What BiVo Does

With BiVo, audio collection starts with sounds in the environment. The sensor’s microphones will record these sounds and perform a basic analysis to determine if they contain bird vocalizations. When bird vocalizations are detected, the sensor will stream its audio to the desktop application. The desktop application will then bring the audio from the sensors into Matlab so users can perform advanced analyses, and will give the user control over the sensor’s settings and functionality.

BiVo's sensors are the heart of the project, and are designed to work on the Thunderboard EFM32GG12. The Thunderboard development board was chosen for it's powerful and highly energy-efficient processor, its wide availability and low cost, and its ability to easily add additional hardware. For this version of BiVo, the sensors are designed to simply record audio using its onboard microhones, analyze for bird vocalizations, and stream it to the desktop application over a USB cable.

The accompanying desktop application is designed in MATLAB's GUI Builder, and is built on top of a Python backend for communication and data management with the sensor. The user interacts with the system by giving it the number of seconds to record. Audio recorded is split into 4 second segments and saved on the user's computer to let the user select segments to play and view the spectrogram.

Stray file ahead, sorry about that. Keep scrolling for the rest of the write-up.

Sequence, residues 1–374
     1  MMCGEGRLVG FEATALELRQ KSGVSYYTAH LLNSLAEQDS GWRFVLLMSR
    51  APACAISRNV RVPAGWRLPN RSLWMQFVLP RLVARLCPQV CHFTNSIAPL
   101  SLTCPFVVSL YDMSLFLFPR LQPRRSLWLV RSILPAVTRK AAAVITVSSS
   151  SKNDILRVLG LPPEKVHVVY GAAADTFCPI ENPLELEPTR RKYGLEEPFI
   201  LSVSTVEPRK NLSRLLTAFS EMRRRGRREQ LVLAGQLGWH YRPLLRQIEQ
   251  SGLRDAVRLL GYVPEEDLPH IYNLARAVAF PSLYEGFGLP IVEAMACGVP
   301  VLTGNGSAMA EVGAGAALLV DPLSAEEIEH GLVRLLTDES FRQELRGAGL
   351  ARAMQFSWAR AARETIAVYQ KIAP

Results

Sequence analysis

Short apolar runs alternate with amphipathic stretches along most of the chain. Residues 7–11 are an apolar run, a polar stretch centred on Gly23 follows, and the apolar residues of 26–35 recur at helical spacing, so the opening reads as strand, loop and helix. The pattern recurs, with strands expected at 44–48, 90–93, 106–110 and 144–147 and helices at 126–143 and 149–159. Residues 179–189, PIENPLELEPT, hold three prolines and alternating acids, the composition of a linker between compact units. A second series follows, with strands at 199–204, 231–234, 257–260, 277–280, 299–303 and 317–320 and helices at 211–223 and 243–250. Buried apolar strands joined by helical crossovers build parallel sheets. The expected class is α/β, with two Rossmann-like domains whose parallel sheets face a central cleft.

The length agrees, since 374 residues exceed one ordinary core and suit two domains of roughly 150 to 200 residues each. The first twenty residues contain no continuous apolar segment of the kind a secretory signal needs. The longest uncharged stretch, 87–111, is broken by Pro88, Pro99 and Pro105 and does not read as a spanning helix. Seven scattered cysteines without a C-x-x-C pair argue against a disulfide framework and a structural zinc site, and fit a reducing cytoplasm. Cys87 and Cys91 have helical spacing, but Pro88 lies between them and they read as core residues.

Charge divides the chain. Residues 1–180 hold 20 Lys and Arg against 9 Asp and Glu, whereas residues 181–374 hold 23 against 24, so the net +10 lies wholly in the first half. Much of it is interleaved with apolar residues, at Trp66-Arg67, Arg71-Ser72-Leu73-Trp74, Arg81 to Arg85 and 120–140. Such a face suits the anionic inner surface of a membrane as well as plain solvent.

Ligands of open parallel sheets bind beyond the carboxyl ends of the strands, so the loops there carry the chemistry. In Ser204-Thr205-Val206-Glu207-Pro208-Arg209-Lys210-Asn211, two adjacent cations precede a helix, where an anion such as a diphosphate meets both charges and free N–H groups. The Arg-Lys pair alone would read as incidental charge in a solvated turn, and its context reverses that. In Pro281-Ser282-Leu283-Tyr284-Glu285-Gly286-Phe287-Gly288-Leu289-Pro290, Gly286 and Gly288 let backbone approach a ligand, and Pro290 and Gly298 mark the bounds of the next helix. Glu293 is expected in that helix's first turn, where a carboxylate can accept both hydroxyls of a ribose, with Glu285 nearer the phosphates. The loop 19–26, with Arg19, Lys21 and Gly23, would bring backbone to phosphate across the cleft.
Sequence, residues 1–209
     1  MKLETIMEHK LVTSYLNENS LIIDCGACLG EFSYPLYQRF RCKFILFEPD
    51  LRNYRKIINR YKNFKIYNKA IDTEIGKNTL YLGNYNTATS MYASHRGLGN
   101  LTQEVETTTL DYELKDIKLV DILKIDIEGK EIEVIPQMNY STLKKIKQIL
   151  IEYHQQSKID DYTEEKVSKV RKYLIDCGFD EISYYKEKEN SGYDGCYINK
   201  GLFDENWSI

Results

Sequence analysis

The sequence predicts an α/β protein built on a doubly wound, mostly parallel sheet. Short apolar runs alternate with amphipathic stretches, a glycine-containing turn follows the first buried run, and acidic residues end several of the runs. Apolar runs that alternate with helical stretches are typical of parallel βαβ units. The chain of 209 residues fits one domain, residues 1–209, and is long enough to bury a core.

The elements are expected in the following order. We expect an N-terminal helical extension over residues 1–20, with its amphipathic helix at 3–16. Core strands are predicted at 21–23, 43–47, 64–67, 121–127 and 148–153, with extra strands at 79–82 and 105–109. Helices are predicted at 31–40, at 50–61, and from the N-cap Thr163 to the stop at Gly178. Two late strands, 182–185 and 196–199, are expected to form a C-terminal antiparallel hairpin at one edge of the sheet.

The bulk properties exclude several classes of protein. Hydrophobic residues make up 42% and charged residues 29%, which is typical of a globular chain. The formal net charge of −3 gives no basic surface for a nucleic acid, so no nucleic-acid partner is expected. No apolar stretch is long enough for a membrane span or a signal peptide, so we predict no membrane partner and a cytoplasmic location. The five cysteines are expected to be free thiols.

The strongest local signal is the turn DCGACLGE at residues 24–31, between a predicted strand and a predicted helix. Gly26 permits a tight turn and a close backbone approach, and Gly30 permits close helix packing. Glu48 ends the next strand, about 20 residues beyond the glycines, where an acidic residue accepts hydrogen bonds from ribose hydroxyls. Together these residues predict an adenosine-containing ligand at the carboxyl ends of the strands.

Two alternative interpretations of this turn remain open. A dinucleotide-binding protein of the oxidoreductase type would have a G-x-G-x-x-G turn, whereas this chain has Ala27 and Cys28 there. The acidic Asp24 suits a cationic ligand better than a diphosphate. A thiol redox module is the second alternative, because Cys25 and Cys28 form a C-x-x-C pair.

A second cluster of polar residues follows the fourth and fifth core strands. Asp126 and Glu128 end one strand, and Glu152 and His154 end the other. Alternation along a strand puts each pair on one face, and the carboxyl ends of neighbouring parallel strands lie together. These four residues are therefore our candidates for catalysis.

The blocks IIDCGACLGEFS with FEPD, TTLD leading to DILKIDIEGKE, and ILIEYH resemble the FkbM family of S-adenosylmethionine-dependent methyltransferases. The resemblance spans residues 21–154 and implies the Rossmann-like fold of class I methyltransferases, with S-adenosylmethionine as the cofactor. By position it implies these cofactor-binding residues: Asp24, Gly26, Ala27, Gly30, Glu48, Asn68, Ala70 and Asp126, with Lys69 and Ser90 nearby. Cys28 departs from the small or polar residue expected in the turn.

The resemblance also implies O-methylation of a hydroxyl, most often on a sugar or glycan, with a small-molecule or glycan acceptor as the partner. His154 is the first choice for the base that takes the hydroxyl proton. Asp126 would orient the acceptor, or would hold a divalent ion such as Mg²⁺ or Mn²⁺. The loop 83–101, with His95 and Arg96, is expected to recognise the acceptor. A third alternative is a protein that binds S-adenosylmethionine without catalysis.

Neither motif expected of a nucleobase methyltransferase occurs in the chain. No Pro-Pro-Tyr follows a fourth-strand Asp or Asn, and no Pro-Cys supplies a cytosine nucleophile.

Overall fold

For more information on our design choices please visit our documents page and view our Software Design Specifications. For more information about the technologies we used to create BiVo, please visit our implementation page.

Future Work

While this version of BiVo is simple, there are many possibilities we have envisioned for future versions. A few of these features are as follows:
  • Controls - More fine-grain controls settable from the user interface to let the user fine-tune the sensors and manage the sensors' state.
  • Time intervals of recording - Allow the user to specify what times of day to record/analyze.
  • Additional storage - The board could store its audio segments for later retrevial instead of streaming them.
  • Bluetooth networking - A low-energy Bluetooth mesh network could connect a set of sensors to each other and let them coordinate their actions.
  • Cloud server - Connecting the sensors to a cloud server via a cellular modem to allow data to be collected from the field without being present.
  • Solar power - Combined with all of the above, adding a solar power source could make a fully autonomous system of sensors controllable from off-site.
Bird Picture